Some dementia-related pathologies are infrequent in younger populations but become more common in the oldest old. Examples include hippocampal sclerosis of aging (HS) and primary age-related tauopathy (PART). Hippocampal sclerosis of aging is defined by neuronal loss and gliosis in the hippocampal formation, not readily ascribable to another pathology such as neurofibrillary tangles or cerebral infarction, and usually (up to 80%) associated with TDP-43 immunoreactive inclusions [14]. HS has been seen in 5%–30% of the brains of oldest old and increases with age [14]. HS is highly associated with cognitive impairment. Although TDP-43 reactivity is also seen in frontotemporal lobar degeneration (FTLD), cases of FTLD-TDP-43 are exceedingly rare in the oldest old.

PART is characterized by subcortical and/or hippocampal neurofibrillary tangles without amyloid plaques, and there has been uncertainty as to whether it is a distinct pathologic entity or whether it will inevitably progress to Alzheimer disease (AD). PART was previously referred to as “tangle-only dementia”; however, it is now clear than in many cases cognition may be normal, or cognitive impairment may only be mild. Crary et al. found that 88 patients with definite PART on brain autopsy had final mean Mini-Mental State Examination (MMSE) (maximum = 30) scores ranging from 24–28, with higher Braak stages correlated with worse cognition [15].

Vascular pathology also appears to have increasing prevalence and relationship to dementia in the oldest old. For example, in The 90+ Study, 51% of participants had microinfarcts on brain autopsy, and the presence of three or more microinfarcts was strongly associated with dementia (total n = 213, dementia n = 110, odds ratio [OR] = 4.75) [16]. However, there is a great variety of vascular pathologies as well as measurement techniques, making comparison of the prevalence and association with dementia challenging between studies. There is also a link between HS and vascular pathology, particularly arteriolosclerosis [6]. In fact, one hypothesis is that HS may be caused by chronic age-related vascular pathology.

Another challenge of studying the underlying causes of dementia in the oldest old is the lack of biomarkers for many of these critical pathologies. Currently, it is not possible to identify several pathologies in a living person, such as hippocampal sclerosis, microinfarcts, Lewy bodies, and the anatomic distribution of tangles. Recent technological advances have resulted in several Food and Drug Administration (FDA)-approved positron emission tomography (PET) tracers for the detection of cerebral amyloid deposits, and PET tracers for tau are in human studies. In the near future, other PET tracers and MRI imaging techniques sensitive to other pathologies are likely to become available. There is also potential for the development of blood-based or other systemic biomarkers of general neurodegeneration or specific dementia pathologies (i.e., serum measures of amyloid, tau, or neurodegeneration; or detection of Lewy bodies in the submandibular gland or the enteric nervous system.)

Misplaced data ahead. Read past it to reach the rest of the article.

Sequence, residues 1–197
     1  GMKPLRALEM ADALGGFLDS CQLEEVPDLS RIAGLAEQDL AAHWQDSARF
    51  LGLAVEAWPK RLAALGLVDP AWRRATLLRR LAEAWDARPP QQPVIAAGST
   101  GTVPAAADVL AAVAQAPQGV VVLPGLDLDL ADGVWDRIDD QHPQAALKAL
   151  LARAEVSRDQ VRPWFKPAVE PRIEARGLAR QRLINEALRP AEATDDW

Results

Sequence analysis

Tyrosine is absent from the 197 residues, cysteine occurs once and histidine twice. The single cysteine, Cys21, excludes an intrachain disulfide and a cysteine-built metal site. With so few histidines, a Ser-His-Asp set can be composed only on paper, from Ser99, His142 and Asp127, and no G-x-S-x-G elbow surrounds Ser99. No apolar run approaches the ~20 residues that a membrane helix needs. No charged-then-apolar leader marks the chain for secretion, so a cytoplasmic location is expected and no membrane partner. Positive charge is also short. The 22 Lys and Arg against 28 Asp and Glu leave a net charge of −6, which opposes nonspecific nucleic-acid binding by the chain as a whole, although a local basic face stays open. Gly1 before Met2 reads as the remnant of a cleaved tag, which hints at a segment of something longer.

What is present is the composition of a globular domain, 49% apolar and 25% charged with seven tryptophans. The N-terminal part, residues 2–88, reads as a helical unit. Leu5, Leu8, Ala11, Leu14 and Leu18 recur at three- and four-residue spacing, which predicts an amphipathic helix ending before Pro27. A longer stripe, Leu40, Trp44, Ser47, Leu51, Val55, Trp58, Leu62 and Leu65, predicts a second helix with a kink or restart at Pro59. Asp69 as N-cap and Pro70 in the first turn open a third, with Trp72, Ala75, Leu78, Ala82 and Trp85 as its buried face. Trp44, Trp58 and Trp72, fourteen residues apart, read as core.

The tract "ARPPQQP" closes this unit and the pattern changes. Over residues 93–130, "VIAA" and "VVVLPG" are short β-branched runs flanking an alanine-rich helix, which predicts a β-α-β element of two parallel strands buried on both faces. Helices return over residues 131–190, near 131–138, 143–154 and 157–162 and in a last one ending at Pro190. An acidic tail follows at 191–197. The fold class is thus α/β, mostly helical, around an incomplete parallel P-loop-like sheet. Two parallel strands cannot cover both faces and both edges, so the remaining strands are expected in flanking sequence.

It is also important to note that the development of AD pathology is not universal in the oldest old, as 25%–50% of the oldest old have “low” or “none” neuritic amyloid plaque density (Consortium to Establish a Registry for Alzheimer’s Disease [CERAD] system) [12]. It appears that the prevalences of AD and of Lewy body pathology increase with age up to the age of 90, but plateau or perhaps even decline in the oldest old [1]. Furthermore, the association between amyloid pathology and dementia is weaker in the oldest old compared to younger populations.


Further study of the unique risk factors and pathologies of dementia in the oldest old is critical to successful prevention and public health care initiatives. Notably, none of the pathologies are universal in the oldest old, so there is the hope that individually they can be studied and the risk factors for each can be identified. Ultimately, it is likely that prevention and treatment for dementia in the oldest old will differ from approaches in younger populations. Combination therapeutic approaches may be necessary. Future clinical trials for dementia will need to focus on this specific, and ever-growing, population. As more members of the world’s population are afforded the opportunity to live into a very advanced age, we must find ways to prevent, delay, and cure dementia in this important age group.